Alternatively, if numbers alone are too abstract, consider the “litany of horrors” described by Kelly Vlahos in her brilliant piece on the birth defects among the children of Fallujah: “babies born with two heads, one eye in the middle of the face, missing limbs, too many limbs, brain damage, cardiac defects, abnormally large heads, eyeless, missing genitalia, riddled with tumors.” Reportedly, in 2010, congenital malformations were observed in fifteen percent of all births in Fallujah, compared to three percent in the United States. Vlahos describes some of the possible causes of these horrors, including the American military’s use of depleted uranium-tipped weapons and toxic plumes from burning waste on US bases. The war will never end for the people of that destroyed and contaminated city of 326,471 people.

Regarding Libya, many commentators have celebrated the “success” of the so-called “humanitarian” mission there. Most of the media moved on from Libya alongside the American fighter jets, although NPR recently covered the danger inherent in a country now rife with guns and short on rule-of-law. In a major hospital in Libya’s capitol city, for instance, men with guns regularly roam around threatening doctors and patients alike, including in the middle of surgery. The International Crisis Group estimates there are now 125,000 armed militia members in Libya. Only time will tell how well this supposed “success” holds together. Similarly, with the withdrawal of most US troops from Iraq, US Secretary of Defense Leon Panetta recently said “As difficult as [the Iraq war] was… I think the price has been worth it, to establish a stable government in a very important region of the world.”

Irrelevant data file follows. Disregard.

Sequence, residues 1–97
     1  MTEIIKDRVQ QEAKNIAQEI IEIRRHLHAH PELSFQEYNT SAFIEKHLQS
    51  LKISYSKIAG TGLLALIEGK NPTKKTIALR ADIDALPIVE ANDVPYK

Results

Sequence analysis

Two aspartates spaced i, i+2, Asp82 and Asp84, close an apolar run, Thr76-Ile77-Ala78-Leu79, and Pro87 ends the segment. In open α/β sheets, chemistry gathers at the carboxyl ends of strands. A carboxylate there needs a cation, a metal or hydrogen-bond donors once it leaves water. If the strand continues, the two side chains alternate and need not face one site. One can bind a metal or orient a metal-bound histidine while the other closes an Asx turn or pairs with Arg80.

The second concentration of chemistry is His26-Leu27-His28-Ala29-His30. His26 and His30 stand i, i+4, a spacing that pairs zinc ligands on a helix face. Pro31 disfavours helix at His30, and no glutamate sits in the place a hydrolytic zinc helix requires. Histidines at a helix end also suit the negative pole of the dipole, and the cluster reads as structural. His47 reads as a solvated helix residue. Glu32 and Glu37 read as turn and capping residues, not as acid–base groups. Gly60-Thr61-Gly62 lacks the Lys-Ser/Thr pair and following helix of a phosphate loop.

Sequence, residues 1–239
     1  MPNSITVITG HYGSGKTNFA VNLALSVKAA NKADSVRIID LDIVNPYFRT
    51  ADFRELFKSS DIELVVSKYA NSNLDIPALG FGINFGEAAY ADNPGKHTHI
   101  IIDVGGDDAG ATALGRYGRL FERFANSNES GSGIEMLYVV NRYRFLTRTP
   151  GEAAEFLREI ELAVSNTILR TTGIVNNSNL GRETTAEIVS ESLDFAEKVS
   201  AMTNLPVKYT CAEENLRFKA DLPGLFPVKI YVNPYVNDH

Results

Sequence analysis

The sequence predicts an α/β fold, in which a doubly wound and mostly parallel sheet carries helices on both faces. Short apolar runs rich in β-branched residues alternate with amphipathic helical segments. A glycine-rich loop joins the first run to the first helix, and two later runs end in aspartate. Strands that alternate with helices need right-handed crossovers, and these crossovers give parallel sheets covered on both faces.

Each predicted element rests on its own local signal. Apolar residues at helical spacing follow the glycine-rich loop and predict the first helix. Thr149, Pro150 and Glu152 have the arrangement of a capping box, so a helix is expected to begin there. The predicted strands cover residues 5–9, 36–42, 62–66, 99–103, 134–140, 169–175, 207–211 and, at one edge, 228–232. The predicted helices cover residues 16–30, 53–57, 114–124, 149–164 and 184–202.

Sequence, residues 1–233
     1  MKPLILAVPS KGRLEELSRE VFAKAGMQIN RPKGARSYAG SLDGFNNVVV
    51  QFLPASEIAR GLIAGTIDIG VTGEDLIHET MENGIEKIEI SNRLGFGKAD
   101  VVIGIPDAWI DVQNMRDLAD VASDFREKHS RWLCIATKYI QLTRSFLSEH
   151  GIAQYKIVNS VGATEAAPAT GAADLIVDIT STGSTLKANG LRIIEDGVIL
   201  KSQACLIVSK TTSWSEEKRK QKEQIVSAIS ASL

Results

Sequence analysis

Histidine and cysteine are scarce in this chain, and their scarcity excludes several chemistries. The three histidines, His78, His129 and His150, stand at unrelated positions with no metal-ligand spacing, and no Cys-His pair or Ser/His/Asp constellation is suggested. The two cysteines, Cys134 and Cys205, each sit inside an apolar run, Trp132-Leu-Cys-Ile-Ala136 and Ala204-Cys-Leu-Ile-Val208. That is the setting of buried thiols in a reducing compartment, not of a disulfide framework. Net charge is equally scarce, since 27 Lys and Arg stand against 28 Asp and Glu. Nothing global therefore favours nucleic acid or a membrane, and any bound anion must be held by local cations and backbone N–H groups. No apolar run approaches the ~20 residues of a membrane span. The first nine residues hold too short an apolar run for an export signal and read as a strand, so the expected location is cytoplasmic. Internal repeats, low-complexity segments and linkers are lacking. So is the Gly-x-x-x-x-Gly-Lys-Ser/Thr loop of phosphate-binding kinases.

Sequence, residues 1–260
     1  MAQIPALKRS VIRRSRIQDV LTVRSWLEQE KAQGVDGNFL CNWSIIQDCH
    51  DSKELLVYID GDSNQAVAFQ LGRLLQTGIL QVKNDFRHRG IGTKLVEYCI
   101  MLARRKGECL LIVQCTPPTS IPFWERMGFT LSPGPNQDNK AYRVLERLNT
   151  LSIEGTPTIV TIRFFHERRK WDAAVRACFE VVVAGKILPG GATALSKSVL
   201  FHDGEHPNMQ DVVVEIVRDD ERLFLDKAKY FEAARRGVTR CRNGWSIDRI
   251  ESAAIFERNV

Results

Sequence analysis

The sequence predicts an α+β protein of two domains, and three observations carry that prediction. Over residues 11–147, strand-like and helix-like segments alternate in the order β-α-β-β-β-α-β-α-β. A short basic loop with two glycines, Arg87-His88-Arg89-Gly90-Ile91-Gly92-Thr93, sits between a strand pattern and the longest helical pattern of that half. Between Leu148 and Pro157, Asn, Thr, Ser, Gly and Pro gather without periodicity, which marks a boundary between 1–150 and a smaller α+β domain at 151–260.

Apart from the sheer arrogance and insensitivity of this statement, it is worth asking if we are even capable of determining what price is worth hundreds of thousands of human lives (in Iraq) or the deaths of dozens of innocent civilians (in Libya)? Are we gods with the power and moral authority to determine who will live and who will die? If not, then what business do we have proclaiming what is “worth” the deaths of people half-way around the world? More importantly, what business do we have killing (or causing the deaths of) those people in the first place? New Year’s is a traditionally a time for reflection; I hope that each of us will consider these questions and ask ourselves what kind of people we want to be. Shall we be murderous gods or mere human beings in a world full of them? The choice is ours.

Nicholas Kramer is a former associate investigator for an oversight & investigations (O&I) committee in the United States Senate. He no longer lives or works in Washington, D.C. He may be reached through his website at